Take some time to imagine what your life would be like if you were completely debt-free INCLUDING your mortgage?  How would it feel to not owe one cent to anyone?  I can hardly wrap my head around it!



Baby Step 7 | Build wealth and give generously

This…you guys!  This is what it’s all about!  You have made it to the end of the list!  This is the fun part!  One of the greatest gifts is to be able to give to others.

Give often, give graciously and enjoy it!

There is nothing better than being able to freely help others. Especially when you don’t have to worry about not having enough left for yourself!

You’ve followed all the steps and you’ve set yourself up to live a fabulous life and sharing that with others will be incredibly fulfilling!

We have given more in the past six months than the past six years combined and I’m so grateful we have made it a priority in our life!


*Bonus step* 8 | Enjoy the beautiful, blessed, stress-free life you’ve built

Totally added this one on my own.  Because you’ve worked hard and you deserve it 🙂  I know these steps can seem daunting.

Please remember they are called “baby” steps for a reason.  Completing each step, in order, will adequately prepare you for the next.

This is not the time to work ahead.  One step at a time.  One foot in front of the other.  You can do this!  You owe it to yourself and to your family.

Be excited.  Be hopeful.  You are embarking on a life-changing journey!

Don’t forget to check out my new Begin to Budget Bundle to help you get started budgeting today!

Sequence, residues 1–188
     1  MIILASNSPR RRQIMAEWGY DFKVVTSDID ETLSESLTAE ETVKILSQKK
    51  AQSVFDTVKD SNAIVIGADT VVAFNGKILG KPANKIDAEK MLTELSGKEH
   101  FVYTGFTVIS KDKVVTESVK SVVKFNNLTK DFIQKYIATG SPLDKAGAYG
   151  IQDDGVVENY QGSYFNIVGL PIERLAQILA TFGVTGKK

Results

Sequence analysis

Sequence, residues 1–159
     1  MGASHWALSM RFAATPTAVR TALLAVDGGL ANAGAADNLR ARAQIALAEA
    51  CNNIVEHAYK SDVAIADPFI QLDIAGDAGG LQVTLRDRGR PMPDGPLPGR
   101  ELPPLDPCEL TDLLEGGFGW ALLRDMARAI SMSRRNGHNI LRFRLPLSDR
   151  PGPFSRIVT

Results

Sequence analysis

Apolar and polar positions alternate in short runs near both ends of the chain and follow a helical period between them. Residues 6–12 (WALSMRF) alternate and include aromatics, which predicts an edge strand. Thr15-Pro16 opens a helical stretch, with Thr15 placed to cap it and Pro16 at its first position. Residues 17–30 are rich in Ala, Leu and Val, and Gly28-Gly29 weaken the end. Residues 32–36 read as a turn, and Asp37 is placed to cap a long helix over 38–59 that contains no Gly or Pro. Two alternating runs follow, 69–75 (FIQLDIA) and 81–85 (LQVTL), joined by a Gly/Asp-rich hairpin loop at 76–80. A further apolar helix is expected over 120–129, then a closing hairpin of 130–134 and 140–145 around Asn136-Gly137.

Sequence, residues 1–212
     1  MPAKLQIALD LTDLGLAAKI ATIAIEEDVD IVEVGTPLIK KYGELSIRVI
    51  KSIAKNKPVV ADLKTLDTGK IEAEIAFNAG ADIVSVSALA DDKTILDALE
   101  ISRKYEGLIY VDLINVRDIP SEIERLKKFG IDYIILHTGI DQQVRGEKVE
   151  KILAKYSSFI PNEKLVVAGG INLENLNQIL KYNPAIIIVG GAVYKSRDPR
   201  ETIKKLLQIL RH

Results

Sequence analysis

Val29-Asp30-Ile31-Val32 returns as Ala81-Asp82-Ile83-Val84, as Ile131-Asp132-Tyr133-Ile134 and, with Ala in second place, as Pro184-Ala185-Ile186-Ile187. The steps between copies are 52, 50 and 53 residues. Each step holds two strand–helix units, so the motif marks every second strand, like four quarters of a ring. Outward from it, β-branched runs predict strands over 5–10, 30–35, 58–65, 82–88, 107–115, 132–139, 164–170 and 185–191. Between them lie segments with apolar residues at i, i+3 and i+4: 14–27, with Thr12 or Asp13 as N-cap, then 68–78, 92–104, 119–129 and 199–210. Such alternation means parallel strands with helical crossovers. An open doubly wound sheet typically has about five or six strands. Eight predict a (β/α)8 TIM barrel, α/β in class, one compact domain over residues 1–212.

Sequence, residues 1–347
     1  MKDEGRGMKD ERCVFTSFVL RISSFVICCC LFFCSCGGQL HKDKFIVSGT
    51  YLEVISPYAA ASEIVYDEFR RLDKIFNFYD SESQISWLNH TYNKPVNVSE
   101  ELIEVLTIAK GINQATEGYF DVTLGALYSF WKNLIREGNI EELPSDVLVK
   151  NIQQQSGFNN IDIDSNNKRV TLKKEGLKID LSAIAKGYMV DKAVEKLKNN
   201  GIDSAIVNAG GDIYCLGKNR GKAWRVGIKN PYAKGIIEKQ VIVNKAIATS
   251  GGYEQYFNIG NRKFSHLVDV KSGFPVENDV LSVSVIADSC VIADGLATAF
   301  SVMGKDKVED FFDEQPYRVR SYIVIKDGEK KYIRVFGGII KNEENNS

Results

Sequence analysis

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  1. I enjoyed reading your post. Im a single mom with rent a car pmt student loans and not the greatest income. Overwhelmed as to where to even start.

    1. Thanks, Connie! I hear you, it can be super overwhelming to start…honestly, my best advice is to just start! All the posts under my “money” tab can help you get started and you will just tweak each month. See what is working, see what is not and adjust! It might not be easy but just think…if you start today, where might you be in a few months??

  2. Hey Kristin, thanks for sharing this recap! My husband and I started financial peace a few years ago, and then life got crazy and we kind of forgot about it for awhile. We’re in Step 2 with a seemingly insurmountable amount of college debt, but I know there is hope! So exciting to hear you’re almost to Step 3.

  3. Great post!
    At this moment, I’m still trying to get that $1,000 emergency fund while paying off debt. No mortgage but I have a pretty hefty student loan still to pay off.

    I need to start taking some of these more seriously if I want to enjoy life a little more.

  4. Yes, being debt-free relieves so much pressure on your mind. I’m on stage 3. Having an emergency fund is really important. It’s what tides me over when fate turned my life upside down. The only silver lining I get (for the moment) from moving to back to Asia, my emergency fund lasts longer than it would have been in the U.S. Now, onward to the next step 🙂